Goodbye, $15/hr; hello Zume pizza

by Fausta Rodriguez Wertz | September 14th, 2016

Readability

Goodbye, $15/hr; hello Zume pizza

The move­ment to a nation­wide $15 hourly min­i­mum wage rolls right along, no mat­ter what real­ity commands.

A lot of it has to do with orga­nized labor, where many salary agree­ments are pegged to the min­i­mum wage. Some of it has to do with “social jus­tice”, where utopian views cloud real­ity, such as this (empha­sis added):

it might take time for employ­ers of many low-​skill work­ers to learn how to econ­o­mize on their labor costs, but they will over time, since the incen­tives to do so are much larger – and that would be bad news for the very low-​skill work­ers the higher min­i­mum wage is designed to help. For instance, fast-​food work­ers might be more eas­ily replaced by robots.

Hello, Marta

In the back kitchen of Moun­tain View’s newest pizze­ria, Marta works tire­lessly, spread­ing mari­nara sauce on uncooked pies. She doesn’t com­plain, takes no breaks, and has never needed a sick day. She works for free.

Marta also does not require man­dated paid leave, pay­roll tax paper­work, and you don’t need to worry about check­ing her credit rat­ing or her crim­i­nal record, or spend money on mar­i­juana or drug screening.

Why?

Marta is one of two robots work­ing at Zume Pizza, a secre­tive food deliv­ery startup try­ing to make a more prof­itable pizza through machines.

Not only that, Marta can pro­duce 100% con­sis­tent qual­ity con­trol, which includes “an arti­sanal touch,”

We cre­ated her to spread your sauce per­fectly, but not too per­fectly, so the pizza still looks like an arti­san prod­uct,” Gar­den said.

And to appeal to peo­ple like me, who would love a taco truck on Mon­day, a gyro truck on Tues­day, and a pas­trami on rye truck on Wednes­day (empha­sis added),

In August, Zume wants to start cook­ing its piz­zas in the startup’s patented deliv­ery trucks. Each truck has 56 ovens that can be turned on and off remotely. Gar­den can barely con­tain his excite­ment for what comes next: “The robots will load all these indi­vid­ual ovens with dif­fer­ent menu items. Then the truck will cir­cle the neigh­bor­hood. At pre­cisely 3 min­utes and 15 sec­onds before arriv­ing at the customer’s loca­tion, the cloud com­mands the oven to turn on and – ” Gar­den made the sym­bol of a large explo­sion ema­nat­ing from his brain– “BOOM, the cus­tomer gets a fresh, out-​the-​oven pizza deliv­ered to their door.”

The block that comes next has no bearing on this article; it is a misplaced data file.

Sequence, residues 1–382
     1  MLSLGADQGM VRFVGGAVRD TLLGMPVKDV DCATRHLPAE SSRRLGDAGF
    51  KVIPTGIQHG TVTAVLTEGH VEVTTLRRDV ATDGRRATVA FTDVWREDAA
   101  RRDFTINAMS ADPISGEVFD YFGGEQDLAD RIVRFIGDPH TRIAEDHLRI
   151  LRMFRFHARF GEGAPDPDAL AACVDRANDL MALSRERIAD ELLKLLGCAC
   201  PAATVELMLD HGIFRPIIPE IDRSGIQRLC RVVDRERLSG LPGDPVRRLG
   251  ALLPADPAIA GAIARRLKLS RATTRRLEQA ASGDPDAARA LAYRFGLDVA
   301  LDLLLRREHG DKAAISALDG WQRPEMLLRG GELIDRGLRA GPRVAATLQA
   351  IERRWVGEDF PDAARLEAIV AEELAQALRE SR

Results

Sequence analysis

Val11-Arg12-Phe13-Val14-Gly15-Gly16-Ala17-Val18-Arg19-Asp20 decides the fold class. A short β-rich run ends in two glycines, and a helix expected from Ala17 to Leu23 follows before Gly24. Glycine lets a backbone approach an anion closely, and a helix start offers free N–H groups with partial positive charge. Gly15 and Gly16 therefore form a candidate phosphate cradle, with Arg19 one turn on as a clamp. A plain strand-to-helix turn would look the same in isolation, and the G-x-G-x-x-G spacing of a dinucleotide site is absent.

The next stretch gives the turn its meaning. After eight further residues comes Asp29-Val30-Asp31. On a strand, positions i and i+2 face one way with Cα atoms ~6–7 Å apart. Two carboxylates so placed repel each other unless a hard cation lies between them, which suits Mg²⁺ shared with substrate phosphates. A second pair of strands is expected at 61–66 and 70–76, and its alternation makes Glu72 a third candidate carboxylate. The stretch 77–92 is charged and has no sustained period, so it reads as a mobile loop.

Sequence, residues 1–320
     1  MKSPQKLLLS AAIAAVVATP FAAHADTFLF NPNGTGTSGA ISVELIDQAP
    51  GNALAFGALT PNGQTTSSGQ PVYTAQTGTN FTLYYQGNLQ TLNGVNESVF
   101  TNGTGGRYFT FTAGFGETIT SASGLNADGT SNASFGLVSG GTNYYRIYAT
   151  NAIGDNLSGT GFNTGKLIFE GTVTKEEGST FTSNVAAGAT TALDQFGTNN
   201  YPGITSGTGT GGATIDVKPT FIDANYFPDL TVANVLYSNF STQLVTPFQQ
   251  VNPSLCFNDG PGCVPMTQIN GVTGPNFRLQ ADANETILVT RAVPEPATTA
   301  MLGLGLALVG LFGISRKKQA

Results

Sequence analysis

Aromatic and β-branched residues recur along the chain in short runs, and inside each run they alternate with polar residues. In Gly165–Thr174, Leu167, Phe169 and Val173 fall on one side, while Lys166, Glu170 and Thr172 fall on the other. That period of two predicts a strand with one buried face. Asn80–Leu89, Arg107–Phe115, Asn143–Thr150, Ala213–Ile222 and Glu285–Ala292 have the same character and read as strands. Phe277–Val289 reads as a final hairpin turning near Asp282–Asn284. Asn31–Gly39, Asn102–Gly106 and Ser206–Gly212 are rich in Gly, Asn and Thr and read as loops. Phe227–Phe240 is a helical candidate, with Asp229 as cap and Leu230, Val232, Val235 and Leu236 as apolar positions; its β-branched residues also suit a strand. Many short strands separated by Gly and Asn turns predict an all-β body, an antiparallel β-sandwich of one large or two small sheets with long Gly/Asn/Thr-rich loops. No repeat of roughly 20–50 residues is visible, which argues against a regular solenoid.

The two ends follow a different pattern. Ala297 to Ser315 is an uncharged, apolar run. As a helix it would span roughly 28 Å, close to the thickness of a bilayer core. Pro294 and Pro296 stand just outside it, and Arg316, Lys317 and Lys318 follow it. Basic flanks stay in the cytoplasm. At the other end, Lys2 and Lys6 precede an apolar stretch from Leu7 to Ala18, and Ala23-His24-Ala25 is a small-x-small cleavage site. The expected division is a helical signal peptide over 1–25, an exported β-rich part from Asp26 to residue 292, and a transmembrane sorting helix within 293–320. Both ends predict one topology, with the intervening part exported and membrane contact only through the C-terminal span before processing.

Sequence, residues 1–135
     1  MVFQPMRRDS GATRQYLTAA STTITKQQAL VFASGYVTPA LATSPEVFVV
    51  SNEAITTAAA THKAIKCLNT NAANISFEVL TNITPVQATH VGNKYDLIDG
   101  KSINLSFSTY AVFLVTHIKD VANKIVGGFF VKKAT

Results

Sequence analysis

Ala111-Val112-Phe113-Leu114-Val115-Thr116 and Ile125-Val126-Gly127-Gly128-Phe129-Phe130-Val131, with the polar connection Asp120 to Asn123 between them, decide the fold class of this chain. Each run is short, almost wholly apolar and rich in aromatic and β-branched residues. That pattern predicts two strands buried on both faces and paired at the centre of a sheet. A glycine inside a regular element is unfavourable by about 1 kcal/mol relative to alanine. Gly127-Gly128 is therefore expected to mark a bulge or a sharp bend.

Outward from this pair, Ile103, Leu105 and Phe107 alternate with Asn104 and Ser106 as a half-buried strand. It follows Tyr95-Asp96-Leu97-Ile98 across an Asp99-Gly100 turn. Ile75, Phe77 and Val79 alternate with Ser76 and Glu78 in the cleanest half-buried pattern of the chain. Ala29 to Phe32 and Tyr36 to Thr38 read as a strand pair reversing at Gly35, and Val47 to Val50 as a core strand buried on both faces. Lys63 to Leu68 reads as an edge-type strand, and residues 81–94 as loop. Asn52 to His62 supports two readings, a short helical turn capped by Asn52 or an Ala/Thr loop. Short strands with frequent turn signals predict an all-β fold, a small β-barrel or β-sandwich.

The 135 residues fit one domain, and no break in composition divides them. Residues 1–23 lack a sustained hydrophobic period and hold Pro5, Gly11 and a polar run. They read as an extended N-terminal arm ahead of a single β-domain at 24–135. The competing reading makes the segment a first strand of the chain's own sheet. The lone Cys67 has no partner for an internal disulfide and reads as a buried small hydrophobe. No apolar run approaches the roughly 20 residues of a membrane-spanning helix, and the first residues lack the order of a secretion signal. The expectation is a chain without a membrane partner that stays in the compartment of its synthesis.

Zume’s fresh Lucky Bueno pizza, “a spicy pie with roasted gar­lic, Cal­abrian chili and sop­pres­sata”, deliv­ered to your house for $18. Count me in!

There’s a basic eco­nom­ics les­son behind all of this.

The thing is, unless you have hands-​on expe­ri­ence in the real busi­ness world, odds are, the les­son is lost on you.

Fausta Rodriguez Wertz writes on U.S, and Latin Amer­i­can pol­i­tics, news, and cul­ture at Fausta’s Blog.

The movement to a nationwide $15 hourly minimum wage rolls right along, no matter what reality commands.

A lot of it has to do with organized labor, where many salary agreements are pegged to the minimum wage. Some of it has to do with “social justice”, where utopian views cloud reality, such as this (emphasis added):

it might take time for employers of many low-skill workers to learn how to economize on their labor costs, but they will over time, since the incentives to do so are much larger – and that would be bad news for the very low-skill workers the higher minimum wage is designed to help. For instance, fast-food workers might be more easily replaced by robots.

Hello, Marta

In the back kitchen of Mountain View’s newest pizzeria, Marta works tirelessly, spreading marinara sauce on uncooked pies. She doesn’t complain, takes no breaks, and has never needed a sick day. She works for free.

Marta also does not require mandated paid leave, payroll tax paperwork, and you don’t need to worry about checking her credit rating or her criminal record, or spend money on marijuana or drug screening.

Why?

Marta is one of two robots working at Zume Pizza, a secretive food delivery startup trying to make a more profitable pizza through machines.

Not only that, Marta can produce 100% consistent quality control, which includes “an artisanal touch,”

“We created her to spread your sauce perfectly, but not too perfectly, so the pizza still looks like an artisan product,” Garden said.

And to appeal to people like me, who would love a taco truck on Monday, a gyro truck on Tuesday, and a pastrami on rye truck on Wednesday (emphasis added),

In August, Zume wants to start cooking its pizzas in the startup’s patented delivery trucks. Each truck has 56 ovens that can be turned on and off remotely. Garden can barely contain his excitement for what comes next: “The robots will load all these individual ovens with different menu items. Then the truck will circle the neighborhood. At precisely 3 minutes and 15 seconds before arriving at the customer’s location, the cloud commands the oven to turn on and–” Garden made the symbol of a large explosion emanating from his brain– “BOOM, the customer gets a fresh, out-the-oven pizza delivered to their door.”

Zume’s fresh Lucky Bueno pizza, “a spicy pie with roasted garlic, Calabrian chili and soppressata”, delivered to your house for $18. Count me in!

There’s a basic economics lesson behind all of this.

The thing is, unless you have hands-on experience in the real business world, odds are, the lesson is lost on you.

Fausta Rodriguez Wertz writes on U.S, and Latin American politics, news, and culture at Fausta’s Blog.

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